City council to consider expanding the DORA

0
321

By Andrea Cordle
Grove City Editor

Two years ago, Andy Furr, executive director of the Heart of Grove City, proposed the creation of a Designated Outdoor Refreshment Area (DORA) in the Grove City Town Center. The goal was to bring more foot traffic into the downtown area.

“Folks in Grove City are very happy with the DORA,” said Furr.

The outdoor refreshment area was adopted by city council in 2019. At that time, it operated from 2 p.m. to midnight Thursday through Saturday. In 2020, council voted to expand the DORA in days of operation from Monday through Saturday. Now, council will decide if the DORA should expand its boundaries.

According to city legislation, the DORA is approximately 15 acres in size. It includes areas north of Cleveland Avenue, east of Arbutus Avenue, south of Civic Place and west behind City Hall. On Sept. 7, council will vote on a proposal to expand the refreshment area to the city-owned lot next to the old library site on Park Street and to the southeast corner of Civic Place and Broadway.

According to Furr, more community events are moving off Broadway, along Park Street and this expansion would allow patrons to bring their beverage to the properties where more events are taking place. He said the expansion south on Broadway would allow several businesses to take part in the DORA, including MOJO on Broadway and Mr. Southern Flava.

“It would increase access for these folks,” said Furr.

The DORA is essentially a waiver of Grove City’s open container law for a designated area. It allows patrons (age 21 and older) to buy an alcoholic beverage, from an established permit holder, and take that drink outside in the marked areas. The beverages are poured into an identifiable plastic cup. People can sit outside and drink or they can browse the area.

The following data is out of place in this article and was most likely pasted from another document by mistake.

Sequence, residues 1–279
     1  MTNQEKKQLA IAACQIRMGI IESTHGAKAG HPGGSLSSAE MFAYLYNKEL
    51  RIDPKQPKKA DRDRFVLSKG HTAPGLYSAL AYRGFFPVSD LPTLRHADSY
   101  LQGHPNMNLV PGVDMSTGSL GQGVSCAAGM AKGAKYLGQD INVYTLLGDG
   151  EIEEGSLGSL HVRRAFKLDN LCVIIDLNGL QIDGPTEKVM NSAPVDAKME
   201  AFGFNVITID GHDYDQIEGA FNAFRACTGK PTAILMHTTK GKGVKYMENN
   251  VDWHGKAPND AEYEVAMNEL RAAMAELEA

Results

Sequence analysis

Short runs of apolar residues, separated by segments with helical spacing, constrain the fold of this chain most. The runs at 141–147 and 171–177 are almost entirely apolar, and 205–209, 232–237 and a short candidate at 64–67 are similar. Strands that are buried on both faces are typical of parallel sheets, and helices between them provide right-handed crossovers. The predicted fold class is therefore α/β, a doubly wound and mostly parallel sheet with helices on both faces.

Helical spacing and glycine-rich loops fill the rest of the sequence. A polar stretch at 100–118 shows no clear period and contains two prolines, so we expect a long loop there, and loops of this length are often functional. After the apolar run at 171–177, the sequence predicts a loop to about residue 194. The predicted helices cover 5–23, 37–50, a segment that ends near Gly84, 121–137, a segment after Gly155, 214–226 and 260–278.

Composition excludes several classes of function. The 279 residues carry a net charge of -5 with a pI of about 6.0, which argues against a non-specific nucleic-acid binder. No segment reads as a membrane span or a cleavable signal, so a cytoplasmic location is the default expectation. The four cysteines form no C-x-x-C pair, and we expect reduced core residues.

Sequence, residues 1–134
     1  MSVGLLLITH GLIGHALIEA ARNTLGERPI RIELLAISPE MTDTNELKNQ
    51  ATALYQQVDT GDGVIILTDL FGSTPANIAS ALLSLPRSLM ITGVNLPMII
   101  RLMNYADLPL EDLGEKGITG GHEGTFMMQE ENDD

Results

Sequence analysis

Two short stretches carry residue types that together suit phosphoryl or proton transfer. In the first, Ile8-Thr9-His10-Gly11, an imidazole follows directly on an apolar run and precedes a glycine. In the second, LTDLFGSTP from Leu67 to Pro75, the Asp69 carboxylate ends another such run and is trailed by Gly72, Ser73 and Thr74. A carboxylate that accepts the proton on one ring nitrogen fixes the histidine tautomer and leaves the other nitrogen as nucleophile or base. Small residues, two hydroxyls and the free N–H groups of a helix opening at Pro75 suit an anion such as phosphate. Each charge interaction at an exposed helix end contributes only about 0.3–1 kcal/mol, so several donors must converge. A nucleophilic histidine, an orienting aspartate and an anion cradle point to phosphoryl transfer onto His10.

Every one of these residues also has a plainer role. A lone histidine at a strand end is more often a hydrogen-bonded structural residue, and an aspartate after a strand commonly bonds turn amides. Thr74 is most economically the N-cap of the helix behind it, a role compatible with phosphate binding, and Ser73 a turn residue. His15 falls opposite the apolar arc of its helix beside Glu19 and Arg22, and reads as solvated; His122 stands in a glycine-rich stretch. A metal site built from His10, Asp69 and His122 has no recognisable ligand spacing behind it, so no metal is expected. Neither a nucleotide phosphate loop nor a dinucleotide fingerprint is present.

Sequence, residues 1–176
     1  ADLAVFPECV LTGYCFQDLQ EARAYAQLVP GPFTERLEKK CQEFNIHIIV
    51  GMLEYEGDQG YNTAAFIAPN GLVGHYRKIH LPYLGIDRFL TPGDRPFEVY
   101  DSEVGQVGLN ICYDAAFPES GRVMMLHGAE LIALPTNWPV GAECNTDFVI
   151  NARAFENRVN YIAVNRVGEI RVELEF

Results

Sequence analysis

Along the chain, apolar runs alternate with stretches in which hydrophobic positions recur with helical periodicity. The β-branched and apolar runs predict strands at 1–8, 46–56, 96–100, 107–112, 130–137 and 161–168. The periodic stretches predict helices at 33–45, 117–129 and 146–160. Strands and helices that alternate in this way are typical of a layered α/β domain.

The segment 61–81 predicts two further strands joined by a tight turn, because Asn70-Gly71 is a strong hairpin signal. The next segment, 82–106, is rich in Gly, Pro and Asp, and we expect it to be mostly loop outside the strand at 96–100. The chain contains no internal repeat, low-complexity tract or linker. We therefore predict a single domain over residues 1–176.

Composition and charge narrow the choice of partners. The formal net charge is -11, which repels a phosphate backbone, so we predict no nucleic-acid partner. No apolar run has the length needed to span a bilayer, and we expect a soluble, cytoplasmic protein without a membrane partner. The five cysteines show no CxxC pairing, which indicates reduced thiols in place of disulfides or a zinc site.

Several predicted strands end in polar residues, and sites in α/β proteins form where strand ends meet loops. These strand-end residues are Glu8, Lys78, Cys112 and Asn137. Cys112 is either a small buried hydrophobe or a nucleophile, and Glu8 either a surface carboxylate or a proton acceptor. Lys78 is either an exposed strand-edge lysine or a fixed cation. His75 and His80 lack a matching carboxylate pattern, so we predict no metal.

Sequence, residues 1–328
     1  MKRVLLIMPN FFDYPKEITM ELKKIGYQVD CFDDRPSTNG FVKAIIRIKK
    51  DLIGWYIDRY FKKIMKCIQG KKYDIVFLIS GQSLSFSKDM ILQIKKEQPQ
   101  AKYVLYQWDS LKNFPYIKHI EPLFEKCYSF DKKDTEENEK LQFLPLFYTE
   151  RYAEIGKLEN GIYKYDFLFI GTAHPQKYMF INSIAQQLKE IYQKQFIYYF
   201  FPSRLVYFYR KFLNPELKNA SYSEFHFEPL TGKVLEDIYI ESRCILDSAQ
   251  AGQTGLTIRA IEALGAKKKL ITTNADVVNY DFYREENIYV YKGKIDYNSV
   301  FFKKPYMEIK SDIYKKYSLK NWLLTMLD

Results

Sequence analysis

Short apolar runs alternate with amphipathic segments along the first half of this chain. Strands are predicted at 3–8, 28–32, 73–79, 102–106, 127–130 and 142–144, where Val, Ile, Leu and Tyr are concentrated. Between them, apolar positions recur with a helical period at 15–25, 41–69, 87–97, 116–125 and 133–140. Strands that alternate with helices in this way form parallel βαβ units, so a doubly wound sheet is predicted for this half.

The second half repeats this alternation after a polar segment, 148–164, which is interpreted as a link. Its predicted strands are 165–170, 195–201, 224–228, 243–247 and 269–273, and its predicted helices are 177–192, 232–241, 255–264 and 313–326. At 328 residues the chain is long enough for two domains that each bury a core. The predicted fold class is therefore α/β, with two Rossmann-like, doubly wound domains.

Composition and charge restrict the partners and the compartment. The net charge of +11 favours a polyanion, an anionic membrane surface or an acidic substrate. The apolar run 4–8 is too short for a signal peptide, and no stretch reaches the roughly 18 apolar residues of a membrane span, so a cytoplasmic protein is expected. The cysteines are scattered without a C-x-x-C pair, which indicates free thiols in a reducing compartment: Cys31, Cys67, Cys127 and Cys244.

“We have seen an uptick of use of the DORA, especially on Friday nights and for events,” said Furr. “It’s a very relaxed vibe.”

Furr said he expected this to boost business for those establishments that sold food and alcohol but said retail shop owners have also reported an increase in foot traffic.

“It’s been great to see,” he said.

Many communities in central Ohio have created designated outdoor refreshment areas recently. Some communities have even reached out to the Heart of Grove City for tips.
According to Furr, Grove City is the only community in central Ohio to offer its DORA six days a week, year-round.

When the idea was first proposed in Grove City, some were worried about safety or patrons becoming unruly from drinking too much.

According to Grove City Division of Police Chief Richard Butsko, there has not been many problems thus far.

“The division of police has not experienced any notable, frequent, or ongoing problems stemming from the DORA. Additionally, we have no safety concerns with expansion of the boundaries,” said Butsko.

The DORA does not operate on Sundays, nor does it operate during the annual alumni event, Boo on Broadway, or the Christmas Celebration.

Grove City Council meets at 7 p.m. at City Hall. The next meeting was moved to Tuesday, Sept. 7 due to Labor Day.

For more information on the DORA, visit grovecityohio.gov.

LEAVE A REPLY

Please enter your comment!
Please enter your name here
This site is protected by reCAPTCHA and the Google Privacy Policy and Terms of Service apply.